And the middle ground — or, at least, the "illusion" of middle ground — is disappearing, Mohler said. As he put it: "You're either going to perform a same-sex ceremony or you're not."

Matthew Vines, author of "God and the Gay Christian" and founding executive director of The Reformation Project, agrees that for conservative Christians there never has been a middle ground on LGBT inclusion.

"Can there be a middle way?" Vines asked. "It is far, far more common for people to actually be excommunicated from churches or blacklisted from conferences for saying they are affirming (of LGBT people) than for the opposite."

The author said he understands some conservative Christians' argument that to condone same-sex relationships is to condone "unrepentant sin," pointing to passages in the biblical books of Leviticus and Romans.

But, he said, he's lost sympathy for that argument when many of the same Christians have been quick to support President Trump, who has both boasted of groping women and said he has never asked for forgiveness. In a Washington Post-ABC poll taken in October after the release of the tapes, 44 percent of white evangelical Protestants reported they believed Trump had "strong moral character."

The number of white evangelicals is in decline, though, Vines said, and that "produces an anxiety among many conservative Christians about their role and their status in their society and what impact it will have on society more broadly."

"This particular issue — the topic of same-sex marriage and, in more recent years, of transgender people — has become a powerful symbol of the ways in which our society no longer adheres to traditional Christian norms and teachings on an important topic, and it is an issue that uniquely undermines the moral authority of church leaders," he said.

What's next?

David P. Gushee — an ordained Baptist minister, professor of Christian ethics and RNS columnist — said evangelicalism in particular has always been anxious about maintaining boundaries.

It's more of an "amorphous 'movement'" than structured denomination, and without a recognized authority, it's "almost like self-appointed bishops and cardinals emerge," he said. Gushee includes on that list many older authors and pastors, and publications such as Christianity Today and retailers like LifeWay.

"Because they keep losing in the culture, it becomes more important to draw a line within the religious community, the evangelical community, and say, 'We may be losing out there, but in here we're going to keep enforcing this boundary,'" he said.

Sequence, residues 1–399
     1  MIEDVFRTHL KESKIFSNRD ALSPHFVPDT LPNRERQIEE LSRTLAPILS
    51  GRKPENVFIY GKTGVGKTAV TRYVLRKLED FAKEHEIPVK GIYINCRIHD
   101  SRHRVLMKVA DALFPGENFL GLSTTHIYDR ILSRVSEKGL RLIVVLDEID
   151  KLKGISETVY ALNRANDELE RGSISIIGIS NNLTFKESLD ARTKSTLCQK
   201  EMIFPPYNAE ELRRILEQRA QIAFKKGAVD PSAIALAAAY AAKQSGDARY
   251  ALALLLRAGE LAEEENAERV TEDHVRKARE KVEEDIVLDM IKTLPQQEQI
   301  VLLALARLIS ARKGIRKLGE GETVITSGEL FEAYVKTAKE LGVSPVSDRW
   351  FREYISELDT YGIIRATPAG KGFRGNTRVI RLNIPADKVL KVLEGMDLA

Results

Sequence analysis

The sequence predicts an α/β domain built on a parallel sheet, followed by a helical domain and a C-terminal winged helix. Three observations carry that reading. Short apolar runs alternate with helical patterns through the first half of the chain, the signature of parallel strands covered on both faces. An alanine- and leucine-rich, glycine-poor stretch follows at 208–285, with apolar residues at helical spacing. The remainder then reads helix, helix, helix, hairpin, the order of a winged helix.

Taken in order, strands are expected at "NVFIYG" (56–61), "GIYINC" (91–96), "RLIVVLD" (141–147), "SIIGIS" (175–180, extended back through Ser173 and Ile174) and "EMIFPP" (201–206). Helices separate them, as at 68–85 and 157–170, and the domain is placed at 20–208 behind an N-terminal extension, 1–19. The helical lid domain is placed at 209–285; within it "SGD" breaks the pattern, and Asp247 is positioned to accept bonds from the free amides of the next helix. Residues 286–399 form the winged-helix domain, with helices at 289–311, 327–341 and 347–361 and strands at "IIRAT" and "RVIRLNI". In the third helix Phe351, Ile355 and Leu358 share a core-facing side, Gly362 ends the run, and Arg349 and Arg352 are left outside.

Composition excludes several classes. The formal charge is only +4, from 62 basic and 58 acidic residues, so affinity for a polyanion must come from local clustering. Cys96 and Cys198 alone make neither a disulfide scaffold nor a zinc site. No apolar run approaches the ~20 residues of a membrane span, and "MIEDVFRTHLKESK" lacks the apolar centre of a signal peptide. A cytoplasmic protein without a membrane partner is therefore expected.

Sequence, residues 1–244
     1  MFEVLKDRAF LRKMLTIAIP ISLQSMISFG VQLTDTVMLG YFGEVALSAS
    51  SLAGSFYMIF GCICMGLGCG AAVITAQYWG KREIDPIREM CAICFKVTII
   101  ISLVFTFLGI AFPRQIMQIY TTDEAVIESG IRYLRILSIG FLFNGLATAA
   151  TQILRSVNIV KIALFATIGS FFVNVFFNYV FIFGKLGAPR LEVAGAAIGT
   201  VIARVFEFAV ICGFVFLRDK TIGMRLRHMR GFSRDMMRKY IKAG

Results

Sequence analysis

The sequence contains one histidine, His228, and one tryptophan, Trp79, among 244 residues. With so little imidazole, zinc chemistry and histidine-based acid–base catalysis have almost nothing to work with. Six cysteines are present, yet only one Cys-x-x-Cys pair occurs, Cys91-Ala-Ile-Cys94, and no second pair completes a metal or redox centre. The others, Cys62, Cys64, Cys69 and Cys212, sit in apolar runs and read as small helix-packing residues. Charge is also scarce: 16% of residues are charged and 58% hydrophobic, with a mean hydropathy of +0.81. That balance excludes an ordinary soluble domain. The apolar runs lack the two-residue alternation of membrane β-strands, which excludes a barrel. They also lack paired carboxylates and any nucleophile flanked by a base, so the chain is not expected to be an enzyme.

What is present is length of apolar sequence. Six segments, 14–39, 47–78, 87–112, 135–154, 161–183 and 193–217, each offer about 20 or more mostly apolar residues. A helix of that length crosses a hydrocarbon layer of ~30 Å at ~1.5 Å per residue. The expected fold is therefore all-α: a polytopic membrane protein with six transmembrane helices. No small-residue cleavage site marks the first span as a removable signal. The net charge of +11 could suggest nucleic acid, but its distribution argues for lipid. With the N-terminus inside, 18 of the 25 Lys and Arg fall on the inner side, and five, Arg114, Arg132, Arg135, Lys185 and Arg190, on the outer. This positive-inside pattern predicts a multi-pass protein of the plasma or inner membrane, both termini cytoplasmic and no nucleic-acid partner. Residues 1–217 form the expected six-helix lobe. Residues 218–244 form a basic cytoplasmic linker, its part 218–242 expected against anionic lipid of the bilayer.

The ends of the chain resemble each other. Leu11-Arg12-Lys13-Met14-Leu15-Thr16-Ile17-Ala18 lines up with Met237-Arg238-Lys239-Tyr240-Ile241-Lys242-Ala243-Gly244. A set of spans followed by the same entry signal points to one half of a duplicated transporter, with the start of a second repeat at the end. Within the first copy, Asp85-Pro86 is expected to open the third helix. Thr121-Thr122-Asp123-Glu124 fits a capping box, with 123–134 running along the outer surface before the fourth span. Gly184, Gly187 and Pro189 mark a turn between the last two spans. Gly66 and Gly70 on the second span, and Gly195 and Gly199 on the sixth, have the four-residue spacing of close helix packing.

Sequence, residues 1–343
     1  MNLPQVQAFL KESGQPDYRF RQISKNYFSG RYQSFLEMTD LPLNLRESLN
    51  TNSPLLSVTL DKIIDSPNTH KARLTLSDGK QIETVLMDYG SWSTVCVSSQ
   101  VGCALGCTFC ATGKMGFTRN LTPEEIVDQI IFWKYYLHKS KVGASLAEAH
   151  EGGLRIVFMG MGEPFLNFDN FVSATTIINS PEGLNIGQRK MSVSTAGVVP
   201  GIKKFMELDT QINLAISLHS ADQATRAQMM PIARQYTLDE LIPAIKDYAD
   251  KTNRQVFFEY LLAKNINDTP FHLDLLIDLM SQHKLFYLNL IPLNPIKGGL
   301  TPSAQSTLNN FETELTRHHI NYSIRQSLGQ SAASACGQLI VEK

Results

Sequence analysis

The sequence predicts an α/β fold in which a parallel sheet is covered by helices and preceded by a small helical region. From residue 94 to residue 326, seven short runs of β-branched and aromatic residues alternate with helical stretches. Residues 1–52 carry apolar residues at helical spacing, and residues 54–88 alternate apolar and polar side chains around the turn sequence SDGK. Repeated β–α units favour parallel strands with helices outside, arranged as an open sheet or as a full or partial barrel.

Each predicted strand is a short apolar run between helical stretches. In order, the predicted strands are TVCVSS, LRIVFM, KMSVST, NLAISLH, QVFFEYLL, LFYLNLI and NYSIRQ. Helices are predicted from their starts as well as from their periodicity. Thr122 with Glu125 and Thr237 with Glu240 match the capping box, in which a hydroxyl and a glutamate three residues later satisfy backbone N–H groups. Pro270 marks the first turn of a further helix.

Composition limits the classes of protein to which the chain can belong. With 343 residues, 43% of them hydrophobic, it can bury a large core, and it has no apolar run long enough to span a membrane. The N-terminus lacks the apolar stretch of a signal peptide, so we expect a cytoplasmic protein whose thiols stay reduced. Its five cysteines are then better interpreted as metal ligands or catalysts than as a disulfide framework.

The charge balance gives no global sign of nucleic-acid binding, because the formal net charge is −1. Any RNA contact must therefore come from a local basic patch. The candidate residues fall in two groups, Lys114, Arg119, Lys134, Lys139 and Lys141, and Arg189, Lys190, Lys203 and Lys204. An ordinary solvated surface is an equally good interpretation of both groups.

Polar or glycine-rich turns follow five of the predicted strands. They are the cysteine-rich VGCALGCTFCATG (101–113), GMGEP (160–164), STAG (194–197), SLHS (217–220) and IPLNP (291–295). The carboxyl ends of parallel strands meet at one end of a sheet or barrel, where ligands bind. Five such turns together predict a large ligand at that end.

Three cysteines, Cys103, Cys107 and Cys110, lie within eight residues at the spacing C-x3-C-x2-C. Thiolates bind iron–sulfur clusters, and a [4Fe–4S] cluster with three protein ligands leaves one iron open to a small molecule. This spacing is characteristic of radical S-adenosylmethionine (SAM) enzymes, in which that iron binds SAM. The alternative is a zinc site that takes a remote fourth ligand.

Gushee pointed to one project he was working on that he was told was shot down by publishers because LifeWay would never carry it given his support of gay marriage and LGBT Christians. In the meantime, Hatmaker's latest book, "Of Mess and Moxie," published by Nelson Books, hit No. 3 on Amazon's best-selling books list the day after it was released.

LifeWay did not answer specific questions on whether it has gone — or plans to go — back through all the authors on its shelves to make sure none have made statements affirming same-sex marriage. A company spokesperson also declined to say whether it has removed authors' books from its shelves based on other actions or positions that it would not consider biblical and whether it has a statement of faith or policy that indicates which positions authors should hold in order for their books to appear in LifeWay stores.

Instead, a spokesperson responded several weeks ago with a statement via email saying LifeWay promises customers it will "provide trustworthy, biblical solutions for life," and uses a "multiplicity of factors" to determine what those might be. The spokesperson did not elaborate on those factors.

Gushee said he didn't think attitudes toward LGBT people were the only thing that would get Christians booted from bookstores and conferences, though that did seem to be the case in many such instances in the past decade.

But, statistically, those attitudes toward LGBT people — and, particularly, toward same-sex marriage — are changing, even among white evangelicals, according to the Pew Research Center. The number of white evangelicals who support same-sex marriage has grown from 27 percent to 35 percent over the past year. Among all evangelicals born after 1964 — considered Generation X or millennials — nearly half are supportive.

And while those who hold what Mohler refers to as a historic Christian view of sexuality maintain that their view is the biblical one, others say the Bible may not be so clear.

A glance at Romans 1 suggests its writer, Paul, may not have had the same kind of committed same-sex relationships in mind that readers see and experience today, according to Vines. Plus, there are only about five verses in the Bible that mention homosexuality, Lawrence said, compared with hundreds of passages about "care for the poor, justice for all persons, welcoming the stranger" and other topics that don't command the same energy and financial support.

"The next few years are going to be interesting to observe in terms of what happens in the broad sweep of American Christianity on this topic," Lawrence said.

"Is this going to be something that is going to prove to have been an immense dispute that wasn't divisive?"

© 2017 Religion News Service. All rights reserved.